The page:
ASUU strike affecting economy, students’ mental health ― Ondo reps candidate

Worried by the inability of the Federal Government to arrive at a reasonable solution to end the lingering strike by the Academic Staff Union of Universities (ASUU), the Peoples Democratic Party (PDP) House of Representatives candidate in Ondo State, Dr Felix Kehinde, has said the strike is taking a negative toll on the economy and mental wellbeing of the students.

Kehinde who lamented over the insensitivity of the Federal Government to the plight of the students and lecturers, in a statement signed by him, noted that the continued strike has made the students feel associated with boredom.

According to him, such boredom and idleness can lead to mental health challenges which include depression and anxiety, thus taking a toll on the student’s mental health.

The United Kingdom-based Medical Specialist noted that if Nigeria were a country with serious and compassionate leaders, this strike would have ended long ago in the interest of the common man and the future of the nation.

Kehinde said: “No serious nation in the world jokes with its future as Nigeria does. The social impact of the ongoing ASUU strike cannot be understated. A lot of young people who have been home for 6 months without engaging in any productive activity will definitely suffer one form of mental health issue or another.

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“As you are aware that an idle hand is the devil’s workshop. There is no denying fact that the young people who are sitting idly at home are more likely to take into drugs, internet fraud, crime and other vices than their colleagues in private universities.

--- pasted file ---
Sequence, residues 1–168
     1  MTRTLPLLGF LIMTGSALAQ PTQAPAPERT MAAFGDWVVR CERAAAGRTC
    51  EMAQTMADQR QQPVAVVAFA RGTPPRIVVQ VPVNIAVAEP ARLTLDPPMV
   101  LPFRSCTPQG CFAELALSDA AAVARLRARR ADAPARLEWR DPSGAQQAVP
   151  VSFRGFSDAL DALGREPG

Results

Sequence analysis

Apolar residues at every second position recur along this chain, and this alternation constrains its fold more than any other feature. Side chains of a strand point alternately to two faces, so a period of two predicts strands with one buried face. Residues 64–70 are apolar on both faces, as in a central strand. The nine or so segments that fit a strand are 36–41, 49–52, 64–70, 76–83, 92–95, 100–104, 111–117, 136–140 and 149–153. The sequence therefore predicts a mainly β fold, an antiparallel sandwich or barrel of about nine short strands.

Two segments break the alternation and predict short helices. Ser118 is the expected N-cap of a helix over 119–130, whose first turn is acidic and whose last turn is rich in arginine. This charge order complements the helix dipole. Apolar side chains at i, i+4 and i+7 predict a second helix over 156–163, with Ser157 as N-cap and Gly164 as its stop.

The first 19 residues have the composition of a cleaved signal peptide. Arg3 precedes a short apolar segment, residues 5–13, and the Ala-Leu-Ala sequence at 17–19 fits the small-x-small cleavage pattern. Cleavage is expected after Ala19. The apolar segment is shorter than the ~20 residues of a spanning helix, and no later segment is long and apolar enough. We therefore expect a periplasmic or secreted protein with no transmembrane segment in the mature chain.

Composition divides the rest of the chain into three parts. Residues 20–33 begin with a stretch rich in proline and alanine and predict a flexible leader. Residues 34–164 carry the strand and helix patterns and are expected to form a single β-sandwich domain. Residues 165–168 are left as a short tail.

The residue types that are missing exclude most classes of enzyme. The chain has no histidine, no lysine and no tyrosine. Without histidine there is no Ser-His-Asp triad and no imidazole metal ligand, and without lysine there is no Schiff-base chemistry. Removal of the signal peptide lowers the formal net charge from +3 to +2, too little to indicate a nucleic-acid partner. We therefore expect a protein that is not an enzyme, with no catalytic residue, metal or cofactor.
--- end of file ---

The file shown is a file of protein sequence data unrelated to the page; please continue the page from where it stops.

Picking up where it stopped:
“We must understand these things are well linked. Even when the strike will be over, it is really sad these young people may find it difficult to get back to their normal lives.”

He advised university management to begin to put in place functional guidance and counselling units with a special focus on mental health.

He noted that the campus economy must have been negatively impacted since the university lecturers embarked on strike.

“There are over 80 public universities in Nigeria and some of these universities have more than one campus. Most of these campuses are almost equal in size to some towns with viable economies.

“A thinking government would have thought of how the small-scale businesses would survive if our campuses remain shut.”

Kehinde, however, called on the “Nigerian government and ASUU to, as a matter of urgency and national interest, end the impasse and allow these students who have been roaming the streets to go back to the classrooms.”

He said people must begin to ask questions from their representatives, both local and national, saying that is one of the ways government at the centre and sub-national can feel the pulse of the common man.

The university lecturers in Nigeria on February 14, 2022, embarked on strike to press home its demands for a better welfare package, revamping of the nation’s education sector among others, a situation that has forced many Nigerian students to be at home for over six months.

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Author: Rave

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